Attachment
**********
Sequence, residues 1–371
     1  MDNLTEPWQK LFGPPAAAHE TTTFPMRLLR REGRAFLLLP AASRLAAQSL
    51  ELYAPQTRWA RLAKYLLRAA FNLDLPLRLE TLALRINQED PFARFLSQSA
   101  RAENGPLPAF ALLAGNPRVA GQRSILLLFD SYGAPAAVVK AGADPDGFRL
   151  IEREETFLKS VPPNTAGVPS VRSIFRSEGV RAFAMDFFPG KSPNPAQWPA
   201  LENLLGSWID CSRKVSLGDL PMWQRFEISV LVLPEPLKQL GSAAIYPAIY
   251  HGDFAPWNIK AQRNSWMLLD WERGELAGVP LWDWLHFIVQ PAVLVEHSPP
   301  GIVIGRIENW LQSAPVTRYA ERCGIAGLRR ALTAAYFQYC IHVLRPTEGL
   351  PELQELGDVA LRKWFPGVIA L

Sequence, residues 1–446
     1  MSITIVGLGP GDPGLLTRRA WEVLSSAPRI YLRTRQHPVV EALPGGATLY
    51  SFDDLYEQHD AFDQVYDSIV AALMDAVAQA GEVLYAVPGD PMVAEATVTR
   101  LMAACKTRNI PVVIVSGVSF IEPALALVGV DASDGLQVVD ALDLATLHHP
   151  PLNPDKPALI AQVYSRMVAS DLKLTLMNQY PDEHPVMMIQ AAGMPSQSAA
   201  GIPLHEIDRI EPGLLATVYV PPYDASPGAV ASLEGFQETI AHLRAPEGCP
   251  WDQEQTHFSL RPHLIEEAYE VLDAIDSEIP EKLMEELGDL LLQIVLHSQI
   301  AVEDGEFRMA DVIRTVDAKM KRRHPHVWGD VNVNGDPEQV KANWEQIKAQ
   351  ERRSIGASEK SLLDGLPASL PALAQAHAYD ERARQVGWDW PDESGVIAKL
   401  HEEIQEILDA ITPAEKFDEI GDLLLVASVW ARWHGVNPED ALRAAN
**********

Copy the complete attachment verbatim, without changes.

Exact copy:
Sequence, residues 1–371
     1  MDNLTEPWQK LFGPPAAAHE TTTFPMRLLR REGRAFLLLP AASRLAAQSL
    51  ELYAPQTRWA RLAKYLLRAA FNLDLPLRLE TLALRINQED PFARFLSQSA
   101  RAENGPLPAF ALLAGNPRVA GQRSILLLFD SYGAPAAVVK AGADPDGFRL
   151  IEREETFLKS VPPNTAGVPS VRSIFRSEGV RAFAMDFFPG KSPNPAQWPA
   201  LENLLGSWID CSRKVSLGDL PMWQRFEISV LVLPEPLKQL GSAAIYPAIY
   251  HGDFAPWNIK AQRNSWMLLD WERGELAGVP LWDWLHFIVQ PAVLVEHSPP
   301  GIVIGRIENW LQSAPVTRYA ERCGIAGLRR ALTAAYFQYC IHVLRPTEGL
   351  PELQELGDVA LRKWFPGVIA L

Sequence, residues 1–446
     1  MSITIVGLGP GDPGLLTRRA WEVLSSAPRI YLRTRQHPVV EALPGGATLY
    51  SFDDLYEQHD AFDQVYDSIV AALMDAVAQA GEVLYAVPGD PMVAEATVTR
   101  LMAACKTRNI PVVIVSGVSF IEPALALVGV DASDGLQVVD ALDLATLHHP
   151  PLNPDKPALI AQVYSRMVAS DLKLTLMNQY PDEHPVMMIQ AAGMPSQSAA
   201  GIPLHEIDRI EPGLLATVYV PPYDASPGAV ASLEGFQETI AHLRAPEGCP
   251  WDQEQTHFSL RPHLIEEAYE VLDAIDSEIP EKLMEELGDL LLQIVLHSQI
   301  AVEDGEFRMA DVIRTVDAKM KRRHPHVWGD VNVNGDPEQV KANWEQIKAQ
   351  ERRSIGASEK SLLDGLPASL PALAQAHAYD ERARQVGWDW PDESGVIAKL
   401  HEEIQEILDA ITPAEKFDEI GDLLLVASVW ARWHGVNPED ALRAAN